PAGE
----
Tuesday, September 19, 2006


Christian Idolatry: worshiping the church

How many of you survived the church experience this weekend? Do you plan ahead and have everything in place the day before or do you run around like a chicken with its head cutoff getting everyone to church [where the only "quiet time" you have is during the sermon time]? Or something in between?

Or did you choose to not be part of the "church grind," in the first place, be it home church, shopping, sports or some other form of non-attendance?

It seems either one is "in" or "out" of "churchiness." Be it 100 member or 20,000 member church, one gets "in" a church with a fixed location [either a church owned property or leased property]. By being "out," one choose to not belong to any church at all!

So what is this churchiness that sucks you "in" [or spits others "out"]? As I have been thinking and blogging about church over the months, when my mother said "you need to attend church" it struck me that people are no longer worshiping God but has turned to worshiping the church: some singing, some droning and collecting money. And then, at some churches, we are asked to sneak in people we know through special ("seeker friendly") service or special events (illusionists, famous artists and athletes), as if God's truth needs to be watered down or twisted somehow.

What a contrast to the words in the New Testament. Jesus didn't go around asking His neighbors, "come hear xyz speak or perform." Instead, He commanded "come, follow me." And then before He left, He commanded His disciples to "make disciples of all nations" -- not herd or sneak others into "church." [I'm reminded of the stories like Philip (John 1:43-51) and Samaritan woman (John 4:28-30), but they all lead others to Christ, not "church."]

Jesus made clear what worship should be like:
Jesus declared, "Believe me, woman, a time is coming when you will worship the Father neither on this mountain nor in Jerusalem. You Samaritans worship what you do not know; we worship what we do know, for salvation is from the Jews. Yet a time is coming and has now come when the true worshipers will worship the Father in spirit and truth, for they are the kind of worshipers the Father seeks. God is spirit, and his worshipers must worship in spirit and in truth." John 4:21-24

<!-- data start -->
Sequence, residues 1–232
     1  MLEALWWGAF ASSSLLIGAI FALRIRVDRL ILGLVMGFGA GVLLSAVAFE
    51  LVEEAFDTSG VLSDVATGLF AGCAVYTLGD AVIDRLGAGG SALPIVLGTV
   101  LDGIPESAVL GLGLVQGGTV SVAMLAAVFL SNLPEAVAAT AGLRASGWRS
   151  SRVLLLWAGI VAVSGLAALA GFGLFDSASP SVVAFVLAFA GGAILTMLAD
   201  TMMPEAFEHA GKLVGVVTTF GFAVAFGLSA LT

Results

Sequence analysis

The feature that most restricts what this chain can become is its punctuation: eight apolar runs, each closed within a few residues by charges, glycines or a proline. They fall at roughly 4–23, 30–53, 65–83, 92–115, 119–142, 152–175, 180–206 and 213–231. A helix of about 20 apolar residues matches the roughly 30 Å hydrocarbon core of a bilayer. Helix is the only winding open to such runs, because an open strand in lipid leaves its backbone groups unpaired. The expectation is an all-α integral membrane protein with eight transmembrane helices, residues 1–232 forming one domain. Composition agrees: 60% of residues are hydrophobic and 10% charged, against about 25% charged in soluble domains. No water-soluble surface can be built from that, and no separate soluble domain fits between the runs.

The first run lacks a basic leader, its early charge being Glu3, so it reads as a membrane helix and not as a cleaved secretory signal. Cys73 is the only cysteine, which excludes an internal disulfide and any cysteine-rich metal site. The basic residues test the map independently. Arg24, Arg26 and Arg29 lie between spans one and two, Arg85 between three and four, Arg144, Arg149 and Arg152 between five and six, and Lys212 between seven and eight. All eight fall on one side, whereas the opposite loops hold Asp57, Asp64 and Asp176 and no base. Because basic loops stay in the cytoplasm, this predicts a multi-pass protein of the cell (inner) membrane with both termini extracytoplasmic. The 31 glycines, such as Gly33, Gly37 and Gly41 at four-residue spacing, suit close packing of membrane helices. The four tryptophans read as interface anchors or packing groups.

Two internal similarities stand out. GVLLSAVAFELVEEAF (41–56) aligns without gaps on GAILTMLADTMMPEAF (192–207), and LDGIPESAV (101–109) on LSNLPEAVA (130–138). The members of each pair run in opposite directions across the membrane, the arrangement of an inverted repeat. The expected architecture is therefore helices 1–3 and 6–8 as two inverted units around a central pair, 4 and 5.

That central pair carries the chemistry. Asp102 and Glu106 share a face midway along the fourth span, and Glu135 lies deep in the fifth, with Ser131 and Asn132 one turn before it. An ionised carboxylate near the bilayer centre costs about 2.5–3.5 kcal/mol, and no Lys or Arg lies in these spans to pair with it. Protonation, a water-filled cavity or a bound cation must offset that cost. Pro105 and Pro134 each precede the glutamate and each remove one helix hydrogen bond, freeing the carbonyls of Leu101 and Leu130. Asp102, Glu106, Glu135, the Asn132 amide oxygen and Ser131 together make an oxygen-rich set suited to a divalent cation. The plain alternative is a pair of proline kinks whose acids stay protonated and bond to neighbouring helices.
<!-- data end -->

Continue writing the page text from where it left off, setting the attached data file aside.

Both the Jews and Samaritans were fixated on where worship should take place. Just as Christians today are obsessed with the format of worship (what kind of songs, how long of sermon, how much physical space to take, etc.) rather than the spirit of worship.

Unfortunately, we are beholden and enslaved to the churchiness worship of today. Most churches take on debt to finance the purchase of land and building and spend years paying it back. All churches have to deal with: money (utilities, replacing stuff, etc.), time (upkeep of the stuff of church: building, furniture, equipment, tools, etc.) and energy (separating the noisy children (esp. infants) from the quiet service, recruiting, coordinating and training volunteers to watch over children). And then you've got wonder what the whole day was about running around like a chicken with its head cut off.

So, what can be done about all this? I believe it's matter of getting back to the roots of the Bible: worship God in spirit and truth, not through man-made trappings (really, woman-made since churchiness is ever so feminized today, including Jesus). Get rid of the burden of buildings and their overhead (maintenance, utilities, insurance, cleaning and repair). Keep it personal, one-on-one with God and direct relationships with fellow Christians. Mass meetings are special, focused and infrequent (something like Promise Keepers or Billy Graham's evangelical crusade). Accountability should be done through discipleship: local meeting of elders with heads of household rather than the trappings of churchiness. Young men are to be trained to become fathers, grandfathers and then elders. Fathers follow the footsteps of the grandfathers and elders, living by example (for their young men). [How to deal with our mobile, global society of today is an issue I don't have an answer for.]

The kind of church which is talked about in the Bible seems more appropriate in home like settings rather than 20,000 seat auditorium: Exact format is not easy to imagine since I'm so used to the normal churchiness. Stay tuned....

Copyright 2006, DannyHSDad, All Rights Reserved.

[I was hoping to publish this sooner but got distracted by moving, etc. but the thread at Vox's "Of Pastors and Programmers" made me want to finish it off.]


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